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I can't find any relevant information regarding mating cycles of FMC connectors. I have found out that for Molex it's maximum 100 times http://polymicro.com/molex/products/datasheet.jsp?part=active/0459704105_PCB_HEADERS.xml

But a recent brochure from Samtec suggests that they have FMC connectors with mating cycles of maximum 2500(!). http://suddendocs.samtec.com/literature/samtec_silicon_development_guide.pdf

Do anyone knows what is the maximum number of mating cycles of an FMC connector? Any help would be appreciated in this matter.

Thanks

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These numbers are not the maximum number of mating cycles. They are the manufacturer's indication of the minimum number of mating cycles the connector will withstand and still meet the spec. Most connectors will take more than that, a small few will probably fail before that number of cycles. Things that can affect the number of cycles stated are:

  • The quality of materials used in making the connector. Similar looking connectors might use different plastics, for example.
  • The intended use. Some connectors are expected to be put together once, during assembly of the device they are in, and never touched again. Others may be taken apart regularly. This influences the choice of materials above.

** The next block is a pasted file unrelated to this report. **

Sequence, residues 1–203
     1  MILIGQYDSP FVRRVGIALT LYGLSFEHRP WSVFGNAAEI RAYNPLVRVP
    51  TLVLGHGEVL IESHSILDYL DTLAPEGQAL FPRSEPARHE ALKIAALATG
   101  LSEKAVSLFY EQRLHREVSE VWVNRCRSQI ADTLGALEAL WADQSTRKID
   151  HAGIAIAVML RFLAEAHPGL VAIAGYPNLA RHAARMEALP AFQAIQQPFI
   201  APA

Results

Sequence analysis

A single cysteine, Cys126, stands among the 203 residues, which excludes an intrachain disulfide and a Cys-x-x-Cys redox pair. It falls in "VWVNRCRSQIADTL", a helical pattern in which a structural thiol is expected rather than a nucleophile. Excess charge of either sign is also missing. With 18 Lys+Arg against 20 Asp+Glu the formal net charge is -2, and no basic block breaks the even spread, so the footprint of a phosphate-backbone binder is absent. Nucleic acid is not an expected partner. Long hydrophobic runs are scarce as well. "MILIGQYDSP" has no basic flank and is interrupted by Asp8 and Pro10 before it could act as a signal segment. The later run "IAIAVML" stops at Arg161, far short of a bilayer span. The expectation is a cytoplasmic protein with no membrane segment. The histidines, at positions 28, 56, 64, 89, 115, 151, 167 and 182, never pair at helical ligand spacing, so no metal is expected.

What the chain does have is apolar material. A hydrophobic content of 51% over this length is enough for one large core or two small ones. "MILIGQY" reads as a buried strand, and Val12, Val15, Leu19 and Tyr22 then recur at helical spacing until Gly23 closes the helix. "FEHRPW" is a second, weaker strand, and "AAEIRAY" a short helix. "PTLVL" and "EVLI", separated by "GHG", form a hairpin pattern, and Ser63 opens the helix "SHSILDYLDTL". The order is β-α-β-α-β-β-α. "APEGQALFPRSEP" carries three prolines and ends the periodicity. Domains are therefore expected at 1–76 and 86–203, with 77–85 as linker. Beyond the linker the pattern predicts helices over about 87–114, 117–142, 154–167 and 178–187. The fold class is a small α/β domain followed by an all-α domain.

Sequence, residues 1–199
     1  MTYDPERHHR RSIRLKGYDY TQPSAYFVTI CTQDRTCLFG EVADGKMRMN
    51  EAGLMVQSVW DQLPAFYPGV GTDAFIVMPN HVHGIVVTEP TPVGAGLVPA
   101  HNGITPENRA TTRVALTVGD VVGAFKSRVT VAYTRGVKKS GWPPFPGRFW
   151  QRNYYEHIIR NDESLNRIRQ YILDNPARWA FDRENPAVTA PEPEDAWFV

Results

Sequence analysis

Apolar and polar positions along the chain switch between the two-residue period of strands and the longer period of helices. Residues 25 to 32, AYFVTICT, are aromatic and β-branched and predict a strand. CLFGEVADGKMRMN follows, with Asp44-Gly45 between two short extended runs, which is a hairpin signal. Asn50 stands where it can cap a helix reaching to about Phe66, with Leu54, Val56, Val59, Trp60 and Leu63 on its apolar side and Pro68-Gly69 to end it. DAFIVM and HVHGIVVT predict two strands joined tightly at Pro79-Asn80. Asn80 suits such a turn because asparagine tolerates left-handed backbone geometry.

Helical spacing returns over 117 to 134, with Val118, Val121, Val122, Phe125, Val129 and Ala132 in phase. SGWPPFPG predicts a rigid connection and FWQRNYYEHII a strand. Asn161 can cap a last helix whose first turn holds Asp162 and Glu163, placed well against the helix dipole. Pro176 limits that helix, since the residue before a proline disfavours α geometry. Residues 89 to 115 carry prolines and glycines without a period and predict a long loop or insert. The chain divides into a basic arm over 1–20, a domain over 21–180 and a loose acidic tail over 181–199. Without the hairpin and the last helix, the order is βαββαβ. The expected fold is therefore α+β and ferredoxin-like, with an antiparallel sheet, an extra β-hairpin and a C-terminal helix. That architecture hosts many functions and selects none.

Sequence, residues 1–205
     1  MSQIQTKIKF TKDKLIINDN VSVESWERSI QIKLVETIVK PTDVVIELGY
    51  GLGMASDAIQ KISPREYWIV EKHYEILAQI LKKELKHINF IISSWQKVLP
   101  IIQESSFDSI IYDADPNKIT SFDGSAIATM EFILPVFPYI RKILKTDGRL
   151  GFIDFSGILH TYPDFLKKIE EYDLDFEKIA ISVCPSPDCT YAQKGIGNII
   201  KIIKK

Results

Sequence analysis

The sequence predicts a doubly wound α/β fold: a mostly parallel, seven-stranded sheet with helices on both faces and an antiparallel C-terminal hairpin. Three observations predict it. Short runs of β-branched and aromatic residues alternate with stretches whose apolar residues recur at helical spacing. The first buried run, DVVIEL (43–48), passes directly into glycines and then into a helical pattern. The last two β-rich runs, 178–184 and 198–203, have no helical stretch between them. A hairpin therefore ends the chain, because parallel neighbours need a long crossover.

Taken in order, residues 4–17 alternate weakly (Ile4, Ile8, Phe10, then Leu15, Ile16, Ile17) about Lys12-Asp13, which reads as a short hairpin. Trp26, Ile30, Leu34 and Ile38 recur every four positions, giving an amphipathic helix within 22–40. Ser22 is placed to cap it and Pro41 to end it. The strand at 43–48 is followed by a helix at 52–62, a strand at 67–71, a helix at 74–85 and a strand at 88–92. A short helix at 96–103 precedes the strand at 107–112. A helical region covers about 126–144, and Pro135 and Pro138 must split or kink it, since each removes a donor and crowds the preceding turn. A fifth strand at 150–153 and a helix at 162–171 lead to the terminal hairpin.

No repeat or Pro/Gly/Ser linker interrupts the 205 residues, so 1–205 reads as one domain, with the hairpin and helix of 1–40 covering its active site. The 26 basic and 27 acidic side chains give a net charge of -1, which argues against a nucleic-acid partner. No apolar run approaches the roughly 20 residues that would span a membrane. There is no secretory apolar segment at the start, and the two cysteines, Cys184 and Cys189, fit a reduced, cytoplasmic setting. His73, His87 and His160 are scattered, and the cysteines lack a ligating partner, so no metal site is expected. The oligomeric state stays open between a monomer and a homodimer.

• The company giving the rating. A large, well known company may be conservative, and quote 500 when they expect the average to be 1000, whereas a cheap no-name manufacturer may state 6000 in the full knowledge that few connectors will survive that long.

So if you want to know the number of mating cycles for a particular connector, the only way to find out is to look at the datasheet, and multiply the number given by some number between 0 and 2 depending on how much you trust the manufacturer. No datasheet? Ask the person/company who supplied it.

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  • \$\begingroup\$ Thanks for the answer. Do you have any experience with FMC connectors in particular? \$\endgroup\$ – zdun8 Oct 10 '16 at 22:30
  • \$\begingroup\$ No, not really. From a mechanical point of view, they are not very different from a lot of other compact, plastic, low-mating-cycle connectors though. \$\endgroup\$ – Jack B Oct 11 '16 at 9:59
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The number of mating cycles will depend on the surface finish of both connectors, mechanical tolerances, mating with or without power and of course on the limit for connector resistance. Connectors plated with gold should be better than those plated with tin, but also the thickness of plating is important. Even the air around the connectors during the test may influence the results, clean dry air or air contaminated with corrosive gases.

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